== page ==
Able v. Lee

Decision Date01 January 1851
Citation6 Tex. 427
PartiesABLE v. LEE.
CourtTexas Supreme Court

Where several instructions taken together present the law of the case fairly to the jury, the judgment will not be reversed on the ground that one or more of the instructions taken separately were improper, unless it appears from the statement of facts that the jury may have been misled; and not even then if a remittitur as to the particular in which they have been misled be entered.

To constitute a valid plea of payment, it is not necessary that a bill of particulars showing the “items” of payment be filed with the plea, for the defendant may not propose to prove “items” of payment. Proof of payment of the debt in money is admissible under a general plea of payment, but proof of payment in land or any other commodity than money cannot be received, if objected to, under such a plea. (Note 76.)

Appeal from Cherokee. The appellee sued the appellant upon a promissory note for the payment of six hundred and forty-four dollars. There was a general denial and a plea of payment, alleging that “since the institution of this suit they (the defendants) have paid the sum above demanded of them by the said plaintiff.” The plaintiff excepted to this plea because not accompanied by “a bill of particulars of the payment of the debt;” which exception the court overruled.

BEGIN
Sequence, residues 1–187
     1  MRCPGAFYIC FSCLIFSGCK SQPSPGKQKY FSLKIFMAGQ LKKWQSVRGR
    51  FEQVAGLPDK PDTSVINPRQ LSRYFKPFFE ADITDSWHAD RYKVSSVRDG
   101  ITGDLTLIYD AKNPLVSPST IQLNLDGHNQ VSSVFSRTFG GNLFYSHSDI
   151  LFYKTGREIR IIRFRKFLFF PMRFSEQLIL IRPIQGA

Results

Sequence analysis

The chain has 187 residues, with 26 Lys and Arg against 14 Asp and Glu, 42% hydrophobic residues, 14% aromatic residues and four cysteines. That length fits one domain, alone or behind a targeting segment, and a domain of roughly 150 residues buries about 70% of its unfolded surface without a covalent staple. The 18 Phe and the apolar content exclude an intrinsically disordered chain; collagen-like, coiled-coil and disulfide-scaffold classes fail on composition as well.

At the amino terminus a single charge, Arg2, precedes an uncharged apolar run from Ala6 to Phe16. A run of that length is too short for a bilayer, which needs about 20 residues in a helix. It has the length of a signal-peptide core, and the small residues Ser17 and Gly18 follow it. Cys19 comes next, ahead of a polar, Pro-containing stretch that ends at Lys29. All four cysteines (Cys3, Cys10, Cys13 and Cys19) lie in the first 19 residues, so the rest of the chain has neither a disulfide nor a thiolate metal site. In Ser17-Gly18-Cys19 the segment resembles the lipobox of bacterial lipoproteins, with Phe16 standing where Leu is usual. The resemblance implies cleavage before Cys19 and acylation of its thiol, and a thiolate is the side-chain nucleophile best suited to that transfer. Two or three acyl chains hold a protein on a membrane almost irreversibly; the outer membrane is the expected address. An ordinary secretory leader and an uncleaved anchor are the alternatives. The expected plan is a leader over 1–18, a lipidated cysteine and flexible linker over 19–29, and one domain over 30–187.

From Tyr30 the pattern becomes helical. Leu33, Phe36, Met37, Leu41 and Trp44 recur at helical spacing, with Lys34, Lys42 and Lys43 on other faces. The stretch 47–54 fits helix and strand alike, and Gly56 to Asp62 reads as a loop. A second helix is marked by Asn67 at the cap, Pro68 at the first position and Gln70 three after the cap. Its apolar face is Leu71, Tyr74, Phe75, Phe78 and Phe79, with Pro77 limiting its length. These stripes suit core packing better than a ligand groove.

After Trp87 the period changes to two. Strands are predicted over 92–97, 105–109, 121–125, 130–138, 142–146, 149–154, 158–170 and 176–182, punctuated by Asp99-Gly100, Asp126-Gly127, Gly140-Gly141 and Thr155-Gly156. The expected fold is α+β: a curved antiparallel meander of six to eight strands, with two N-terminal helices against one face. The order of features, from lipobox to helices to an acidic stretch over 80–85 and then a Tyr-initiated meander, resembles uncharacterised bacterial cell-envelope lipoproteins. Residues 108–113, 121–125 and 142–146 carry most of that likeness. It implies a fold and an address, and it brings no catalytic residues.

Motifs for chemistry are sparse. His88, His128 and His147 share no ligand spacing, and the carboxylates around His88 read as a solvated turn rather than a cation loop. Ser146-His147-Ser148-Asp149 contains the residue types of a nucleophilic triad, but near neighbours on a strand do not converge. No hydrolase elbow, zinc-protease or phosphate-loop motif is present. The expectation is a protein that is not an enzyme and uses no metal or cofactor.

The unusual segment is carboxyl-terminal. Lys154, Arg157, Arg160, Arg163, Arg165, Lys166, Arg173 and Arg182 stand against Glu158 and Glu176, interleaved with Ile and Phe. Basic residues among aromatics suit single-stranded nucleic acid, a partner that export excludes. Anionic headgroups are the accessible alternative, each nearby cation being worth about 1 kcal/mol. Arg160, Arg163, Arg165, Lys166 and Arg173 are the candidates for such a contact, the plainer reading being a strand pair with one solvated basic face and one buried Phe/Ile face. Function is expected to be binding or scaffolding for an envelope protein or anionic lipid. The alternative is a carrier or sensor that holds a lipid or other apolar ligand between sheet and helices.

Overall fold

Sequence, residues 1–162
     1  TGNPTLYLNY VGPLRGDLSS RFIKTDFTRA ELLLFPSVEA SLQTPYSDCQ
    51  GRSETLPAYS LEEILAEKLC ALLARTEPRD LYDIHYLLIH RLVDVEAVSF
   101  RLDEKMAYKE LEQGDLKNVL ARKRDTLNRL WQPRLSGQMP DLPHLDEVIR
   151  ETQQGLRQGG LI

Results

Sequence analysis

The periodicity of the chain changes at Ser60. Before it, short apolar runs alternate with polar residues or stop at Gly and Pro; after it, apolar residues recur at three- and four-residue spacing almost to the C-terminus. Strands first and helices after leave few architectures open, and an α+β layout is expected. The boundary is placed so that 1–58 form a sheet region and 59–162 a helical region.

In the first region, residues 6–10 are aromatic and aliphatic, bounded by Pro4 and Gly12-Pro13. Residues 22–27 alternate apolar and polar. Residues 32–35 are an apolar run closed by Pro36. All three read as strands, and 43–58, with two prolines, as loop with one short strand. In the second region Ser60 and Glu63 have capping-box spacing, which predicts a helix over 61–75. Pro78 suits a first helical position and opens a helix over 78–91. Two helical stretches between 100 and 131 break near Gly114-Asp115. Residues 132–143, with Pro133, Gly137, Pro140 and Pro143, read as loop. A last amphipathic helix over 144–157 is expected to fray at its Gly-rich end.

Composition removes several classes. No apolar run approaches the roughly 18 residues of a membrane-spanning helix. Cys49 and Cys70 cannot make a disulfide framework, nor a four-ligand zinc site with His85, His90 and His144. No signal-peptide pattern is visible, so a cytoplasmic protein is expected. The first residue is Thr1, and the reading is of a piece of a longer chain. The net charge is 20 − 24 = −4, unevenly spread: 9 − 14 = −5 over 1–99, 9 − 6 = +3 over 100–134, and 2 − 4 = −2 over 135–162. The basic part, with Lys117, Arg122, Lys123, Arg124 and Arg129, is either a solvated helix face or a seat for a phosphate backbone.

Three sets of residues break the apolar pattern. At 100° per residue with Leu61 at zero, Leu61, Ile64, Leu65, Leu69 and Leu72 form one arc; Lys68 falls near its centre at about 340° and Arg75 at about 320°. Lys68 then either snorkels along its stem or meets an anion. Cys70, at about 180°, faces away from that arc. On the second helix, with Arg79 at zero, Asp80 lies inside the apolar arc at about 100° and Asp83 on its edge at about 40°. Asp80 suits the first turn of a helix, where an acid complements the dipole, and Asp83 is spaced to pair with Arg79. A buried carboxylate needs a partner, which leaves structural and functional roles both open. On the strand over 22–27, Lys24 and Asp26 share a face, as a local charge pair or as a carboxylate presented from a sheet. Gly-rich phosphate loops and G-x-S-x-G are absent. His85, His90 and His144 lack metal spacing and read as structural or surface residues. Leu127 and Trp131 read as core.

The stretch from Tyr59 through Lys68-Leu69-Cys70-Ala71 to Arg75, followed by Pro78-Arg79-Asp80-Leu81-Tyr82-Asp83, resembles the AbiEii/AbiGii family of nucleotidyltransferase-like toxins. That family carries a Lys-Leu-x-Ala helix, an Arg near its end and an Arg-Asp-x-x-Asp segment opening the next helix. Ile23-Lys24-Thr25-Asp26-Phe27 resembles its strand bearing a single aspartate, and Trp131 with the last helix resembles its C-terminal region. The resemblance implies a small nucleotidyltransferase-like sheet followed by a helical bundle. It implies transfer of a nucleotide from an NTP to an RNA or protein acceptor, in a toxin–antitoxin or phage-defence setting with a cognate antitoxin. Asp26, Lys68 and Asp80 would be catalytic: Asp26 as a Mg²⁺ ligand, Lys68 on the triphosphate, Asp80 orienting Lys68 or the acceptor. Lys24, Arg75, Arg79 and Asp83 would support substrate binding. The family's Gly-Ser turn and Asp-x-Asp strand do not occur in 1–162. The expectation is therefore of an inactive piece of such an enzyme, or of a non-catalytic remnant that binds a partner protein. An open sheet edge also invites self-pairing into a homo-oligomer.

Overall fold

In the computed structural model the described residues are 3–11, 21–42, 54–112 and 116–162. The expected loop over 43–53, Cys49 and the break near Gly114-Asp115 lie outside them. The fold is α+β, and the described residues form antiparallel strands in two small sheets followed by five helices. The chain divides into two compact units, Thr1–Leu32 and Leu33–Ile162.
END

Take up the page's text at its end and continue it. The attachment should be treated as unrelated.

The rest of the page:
At the trial, the plaintiff having given in evidence the note sued on, the defendants introduced a witness who testified in substance that he was employed by the plaintiff after the bringing of the suit to settle with the defendant the note sued on, and also another note for one thousand dollars; that the plaintiff delivered to him the attorney's receipt, given for the note for collection, and directed him to settle with the defendant the amount of the notes in any manner he thought best; that he accordingly did settle with the defendant Able, and that he took in payment of the two notes two tracts of land, one for about six hundred and forty acres, and the other for about eight hundred acres; that there was some dispute about the amount of the two notes, but they finally agreed upon a compromise of the amount at one thousand three hundred and fifty or one thousand four hundred and fifty dollars, which was fully paid by the defendant Able to the witness, as agent for the plaintiff, in lands received in full payment and satisfaction of the notes; that at the time of the payment something was said about the attorney's fee, the witness did not distinctly recollect what, but was under the impression that the defendant was to pay the attorney for what he had done; that the defendant started to go to see the attorney; the witness afterwards informed the attorney of what had been done, who said it was all right; he was under the impression that he told the attorney that the defendant would settle his fee; the land was taken and received in full satisfaction, so far as the plaintiff was concerned, except as to the attorney's fee, which, it was the witness's impression, was to be paid by the defendant Able, to whom he then delivered the attorney's receipt.